852.75 National Telephone Co./283: Telegram
The Ambassador in Spain (Weddell) to the Secretary of State
[Received July 26—10:40 a.m.]
136. Department’s 61, July 22, 1 p.m. I was cordially received yesterday afternoon at Burgos by Franco with whom I went over the points brought out in the Department’s telegram under reference.
Franco said that as regards Behn he thought the matter of his entrance would be favorably settled “in a day or so,” that he knew him and had a good opinion of him but that he had been denounced by various people and that it had been necessary to investigate these denunciations. Franco added that however the investigations “had been delayed too long”.[Page 842]
Franco then stated with reference to the American prisoners of war that he thought there was no objection now existing to their prompt release.
To all the foregoing I countered that while I was gratified yet he had given me nothing of a definite character.
Franco replied to this by saying that the Minister for Foreign Affairs was fully informed and that I should see him. I thereupon requested him to arrange an interview for me with Jordana and this very day; this he said he would do and instructed his secretary accordingly.
I went immediately to call on the Minister for Foreign Affairs. As I began to go over the same ground as with his chief he interrupted me to say that he was fully informed as he had just been talking by telephone with Franco. I again urged the point that I be given some definite statement on the questions at issue to which he replied “the American prisoners are at your disposition; where do you wish them delivered?” I said that I would promptly consult my Government and inform him.
Referring to Behn, the Minister said that his “activities” had been under investigation by their secret police and that a report had been promised him last week which in view of Franco’s statements would doubtless be a favorable one; that he would endeavor to expedite this report and would try to communicate with me later in the evening wishing to clinch matters. I then called on the Under Secretary who as I entered remarked “I congratulate you on your victory”, adding after a pause “and I also congratulate myself a little” adding that he had always been a partisan of the idea of Behn’s prompt entry. I said I was glad but that I really had nothing definite concerning his entry but that the Foreign Office had told me he would try to let me know that night; the Under Secretary remarked that he too would do his best.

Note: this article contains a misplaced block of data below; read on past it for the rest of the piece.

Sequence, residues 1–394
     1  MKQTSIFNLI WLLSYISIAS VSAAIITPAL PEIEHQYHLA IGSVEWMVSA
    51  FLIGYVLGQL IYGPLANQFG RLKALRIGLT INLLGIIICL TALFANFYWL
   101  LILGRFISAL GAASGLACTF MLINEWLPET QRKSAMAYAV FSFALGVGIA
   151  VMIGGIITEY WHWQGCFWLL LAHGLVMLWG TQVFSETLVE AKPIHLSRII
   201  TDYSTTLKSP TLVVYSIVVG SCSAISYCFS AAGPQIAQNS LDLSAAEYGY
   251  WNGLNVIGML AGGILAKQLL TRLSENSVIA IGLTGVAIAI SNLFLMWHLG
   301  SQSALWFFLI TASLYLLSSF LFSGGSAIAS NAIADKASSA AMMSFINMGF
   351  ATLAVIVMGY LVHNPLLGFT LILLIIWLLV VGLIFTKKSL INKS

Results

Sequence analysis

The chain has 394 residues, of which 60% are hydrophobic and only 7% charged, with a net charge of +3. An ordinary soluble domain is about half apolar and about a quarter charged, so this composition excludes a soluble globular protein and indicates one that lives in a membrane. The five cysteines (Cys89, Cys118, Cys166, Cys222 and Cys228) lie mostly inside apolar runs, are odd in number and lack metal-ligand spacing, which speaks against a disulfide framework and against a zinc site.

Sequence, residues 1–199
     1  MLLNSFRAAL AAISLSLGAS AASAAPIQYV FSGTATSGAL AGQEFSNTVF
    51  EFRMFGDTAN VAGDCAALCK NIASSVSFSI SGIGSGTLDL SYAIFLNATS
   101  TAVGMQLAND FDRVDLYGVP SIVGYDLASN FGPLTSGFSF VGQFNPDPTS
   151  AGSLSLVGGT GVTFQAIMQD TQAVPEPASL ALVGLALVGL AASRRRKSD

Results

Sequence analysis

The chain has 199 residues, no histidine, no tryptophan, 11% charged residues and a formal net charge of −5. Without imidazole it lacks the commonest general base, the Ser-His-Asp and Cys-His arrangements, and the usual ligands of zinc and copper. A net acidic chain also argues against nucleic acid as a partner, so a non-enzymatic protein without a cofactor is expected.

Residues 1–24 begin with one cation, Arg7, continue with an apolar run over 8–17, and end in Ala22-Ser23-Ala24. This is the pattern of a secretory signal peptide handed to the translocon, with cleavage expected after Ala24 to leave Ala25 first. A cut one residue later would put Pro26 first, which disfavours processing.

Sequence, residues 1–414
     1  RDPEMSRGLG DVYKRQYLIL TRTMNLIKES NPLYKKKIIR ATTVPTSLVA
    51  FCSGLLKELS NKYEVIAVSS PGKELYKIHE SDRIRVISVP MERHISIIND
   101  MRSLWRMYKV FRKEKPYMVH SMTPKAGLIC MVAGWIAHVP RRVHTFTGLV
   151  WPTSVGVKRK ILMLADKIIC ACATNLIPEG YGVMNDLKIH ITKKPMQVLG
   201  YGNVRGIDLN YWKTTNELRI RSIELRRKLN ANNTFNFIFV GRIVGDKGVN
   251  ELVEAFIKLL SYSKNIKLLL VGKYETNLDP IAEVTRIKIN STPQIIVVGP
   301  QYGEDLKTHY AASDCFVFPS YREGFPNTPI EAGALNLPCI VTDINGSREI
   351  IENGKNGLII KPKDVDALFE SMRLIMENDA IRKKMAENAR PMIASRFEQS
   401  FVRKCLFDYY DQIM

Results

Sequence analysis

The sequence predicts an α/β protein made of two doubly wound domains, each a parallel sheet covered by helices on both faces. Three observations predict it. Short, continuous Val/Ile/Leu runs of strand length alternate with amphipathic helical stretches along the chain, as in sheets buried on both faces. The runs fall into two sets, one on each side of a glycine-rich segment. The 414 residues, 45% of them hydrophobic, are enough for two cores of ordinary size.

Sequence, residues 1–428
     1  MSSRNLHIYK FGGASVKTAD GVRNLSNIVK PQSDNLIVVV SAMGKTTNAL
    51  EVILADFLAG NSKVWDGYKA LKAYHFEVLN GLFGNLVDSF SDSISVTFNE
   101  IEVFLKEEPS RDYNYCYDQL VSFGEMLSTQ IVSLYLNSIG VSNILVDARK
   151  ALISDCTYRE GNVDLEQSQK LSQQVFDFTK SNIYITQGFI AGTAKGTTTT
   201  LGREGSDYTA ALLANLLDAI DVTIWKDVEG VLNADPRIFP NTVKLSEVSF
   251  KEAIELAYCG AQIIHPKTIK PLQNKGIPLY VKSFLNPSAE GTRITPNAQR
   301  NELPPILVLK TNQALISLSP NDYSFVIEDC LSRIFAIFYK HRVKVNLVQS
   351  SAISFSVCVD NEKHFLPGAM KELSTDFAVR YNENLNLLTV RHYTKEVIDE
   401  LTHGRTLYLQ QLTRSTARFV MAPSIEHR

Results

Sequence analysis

About 10:30 the Under Secretary called at my hotel saying he came to inform me that I was authorized to inform my Government that Behn would be permitted to enter the country and that the Spanish Consul at Hendaye was being instructed to issue him a visa any day after Thursday the 27th. I am today informing Behn of this.
As I desire to liquidate the matter of the prisoners as soon as possible I would appreciate a reply to my telegram 124, July 17, 5 p.m.,14 and information regarding payment of their transportation subsistence from the time they cross the frontier (presumably at Irun). Although I will endeavor to secure the release of as many as possible the Government may well refuse to release some who have been sentenced on account of specific charges. For this reason I suggest that [Page 843] the Department inform me as to the amount I can use for each individual rather than a lump sum to cover an indefinite number. If the Department prefers these funds could be placed at the disposition of the Consulate at Bordeaux and an officer of that Consulate be instructed to receive the prisoners at the frontier and handle their transportation et cetera from that point.
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